What Are the Symptoms of Metastatic Breast Cancer?

Medically Reviewed By: Nancy U. Lin, MD

When breast cancer spreads to other parts of the body, such as the bones, brain, liver, or lungs, it is called metastatic (also referred to as advanced or stage IV) breast cancer. While it is not curable, metastatic breast cancer can be treatable — especially with the advent of new therapies, including biologic targeted treatments and novel drug combinations. Today, women with metastatic breast cancer can live well for many years.

Metastatic breast cancer does not always show what might be considered “typical” symptoms, such as a lump or other change in the breast. Common symptoms of metastatic breast cancer also differ depending on size and location of the cancer’s spread.

The most common areas that breast cancer spreads to are the:

  • Chest wall
  • Lungs
  • Liver
  • Bones
  • Lymph nodes
  • Brain (the brain is far less likely to be the first place that breast cancer spreads, but it can sometimes occur)
Nancy Lin, MD, director of the Metastatic Breast Cancer Program at Dana-Farber.

Symptoms

Symptoms of chest wall metastasis can include:

  • Severe pain
  • Lump(s) in the skin or chest area

Symptoms of lymph node metastatic can include lumps:

  • In the underarm area
  • Above the collarbone
  • In the neck

Symptoms of bone metastasis can include:

  • Pain, especially in the bones in the center of the body such as the skull, backbone, ribs, or hips (breast cancer does not frequently travel to the elbows, hands, wrists, knees, ankles, or feet)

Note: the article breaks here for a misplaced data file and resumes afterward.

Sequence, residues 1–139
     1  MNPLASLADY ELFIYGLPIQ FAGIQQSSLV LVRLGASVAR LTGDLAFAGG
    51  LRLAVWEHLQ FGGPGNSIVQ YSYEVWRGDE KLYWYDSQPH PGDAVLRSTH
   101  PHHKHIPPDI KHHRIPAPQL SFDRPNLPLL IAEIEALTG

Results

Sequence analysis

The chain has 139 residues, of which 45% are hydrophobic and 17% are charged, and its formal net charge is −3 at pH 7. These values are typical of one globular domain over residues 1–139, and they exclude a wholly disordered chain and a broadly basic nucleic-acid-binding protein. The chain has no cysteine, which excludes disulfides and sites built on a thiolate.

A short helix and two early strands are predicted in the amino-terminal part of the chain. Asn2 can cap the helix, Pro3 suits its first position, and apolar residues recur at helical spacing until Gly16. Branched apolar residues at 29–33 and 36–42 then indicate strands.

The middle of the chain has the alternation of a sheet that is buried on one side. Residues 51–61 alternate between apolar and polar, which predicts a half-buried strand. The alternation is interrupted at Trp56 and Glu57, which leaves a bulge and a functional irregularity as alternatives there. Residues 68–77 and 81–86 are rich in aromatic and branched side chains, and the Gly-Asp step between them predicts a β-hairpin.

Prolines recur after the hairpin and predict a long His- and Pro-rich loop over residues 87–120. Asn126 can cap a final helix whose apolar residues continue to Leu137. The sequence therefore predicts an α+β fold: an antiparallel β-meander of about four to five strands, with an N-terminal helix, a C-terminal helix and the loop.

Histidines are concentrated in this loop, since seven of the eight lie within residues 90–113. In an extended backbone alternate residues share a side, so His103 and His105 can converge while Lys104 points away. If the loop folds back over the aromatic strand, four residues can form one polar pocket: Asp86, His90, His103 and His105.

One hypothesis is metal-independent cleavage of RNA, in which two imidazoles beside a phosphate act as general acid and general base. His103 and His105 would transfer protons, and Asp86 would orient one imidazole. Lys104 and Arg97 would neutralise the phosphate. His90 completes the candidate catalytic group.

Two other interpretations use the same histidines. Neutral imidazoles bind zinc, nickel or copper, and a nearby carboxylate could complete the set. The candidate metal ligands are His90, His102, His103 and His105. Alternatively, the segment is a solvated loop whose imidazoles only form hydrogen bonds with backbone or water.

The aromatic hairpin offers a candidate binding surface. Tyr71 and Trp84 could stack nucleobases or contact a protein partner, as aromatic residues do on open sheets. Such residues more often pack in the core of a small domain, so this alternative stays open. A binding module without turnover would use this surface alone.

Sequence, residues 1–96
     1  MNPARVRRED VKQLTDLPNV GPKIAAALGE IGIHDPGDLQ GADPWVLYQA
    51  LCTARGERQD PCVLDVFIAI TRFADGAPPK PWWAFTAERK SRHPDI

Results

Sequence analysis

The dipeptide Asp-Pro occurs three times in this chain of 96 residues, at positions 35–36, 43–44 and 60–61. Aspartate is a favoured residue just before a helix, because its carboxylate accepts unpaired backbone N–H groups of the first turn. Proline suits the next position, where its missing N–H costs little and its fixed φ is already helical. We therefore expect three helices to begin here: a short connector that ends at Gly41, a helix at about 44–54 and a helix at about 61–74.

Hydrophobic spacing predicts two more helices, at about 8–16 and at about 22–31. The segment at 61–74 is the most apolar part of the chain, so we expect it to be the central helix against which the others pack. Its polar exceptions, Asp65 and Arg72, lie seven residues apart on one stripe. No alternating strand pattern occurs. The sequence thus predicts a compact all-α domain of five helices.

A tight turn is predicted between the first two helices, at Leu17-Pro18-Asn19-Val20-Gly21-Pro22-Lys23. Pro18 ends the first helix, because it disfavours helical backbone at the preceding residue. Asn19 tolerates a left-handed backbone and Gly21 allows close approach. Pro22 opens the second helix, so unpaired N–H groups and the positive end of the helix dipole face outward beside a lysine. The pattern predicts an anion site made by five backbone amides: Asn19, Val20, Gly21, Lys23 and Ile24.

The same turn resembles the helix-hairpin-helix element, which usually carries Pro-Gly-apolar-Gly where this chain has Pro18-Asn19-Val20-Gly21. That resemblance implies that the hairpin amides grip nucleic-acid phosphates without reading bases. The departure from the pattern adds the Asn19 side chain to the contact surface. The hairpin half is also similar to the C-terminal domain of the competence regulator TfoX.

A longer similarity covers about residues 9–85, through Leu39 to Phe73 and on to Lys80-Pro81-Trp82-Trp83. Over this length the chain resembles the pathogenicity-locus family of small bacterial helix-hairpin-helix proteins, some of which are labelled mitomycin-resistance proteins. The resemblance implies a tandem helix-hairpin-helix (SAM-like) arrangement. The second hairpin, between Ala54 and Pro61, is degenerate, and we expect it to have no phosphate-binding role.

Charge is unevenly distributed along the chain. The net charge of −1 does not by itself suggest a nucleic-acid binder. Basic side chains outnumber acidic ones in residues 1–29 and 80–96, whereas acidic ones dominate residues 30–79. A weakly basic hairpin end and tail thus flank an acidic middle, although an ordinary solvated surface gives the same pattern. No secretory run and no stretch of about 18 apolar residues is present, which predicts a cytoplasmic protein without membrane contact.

• Having bones that are more easily fractured or broken

Symptoms of lung metastasis can include:

  • Difficulty breathing
  • Chronic cough
  • Chest wall pain
  • Coughing up blood

Symptoms of liver metastasis can include:

  • Swelling in the belly
  • Jaundice (yellowing of the skin)
  • Abdominal pain, especially in the right side just under the lower ribs

Symptoms of spinal cord or brain metastasis can include:

  • Confusion
  • Vision disturbances
  • Difficulty with speech or movement
  • Weakness, especially if it affects one side of the body more than the other
  • Severe headache or head pressure
  • Vomiting or nausea
  • Seizures

[Learn more about breast cancer with brain metastases from the Susan F. Smith Center for Women’s Cancers at Dana-Farber.]

General symptoms of metastatic breast cancer, independent of metastasis location, include:

  • Fatigue
  • Weight loss
  • Lack of appetite

Contact your physician’s office if you experience any of these symptoms. Much of the time, talking through your symptoms can be reassuring and no further testing will be needed. However, depending on your symptoms, you may be advised to have additional testing and/or to see your oncology team for an evaluation. 

About the Medical Reviewer

Nancy U. Lin, MD

Dr. Lin received her MD from Harvard Medical School in 1999. She completed her residency in internal medicine at Brigham and Women's Hospital and went on to complete fellowships in medical oncology and hematology at Dana-Farber. In 2005, she joined the staff of Brigham and Women's and Dana-Farber, where she is a medical oncologist and clinical investigator in the Breast Oncology Center.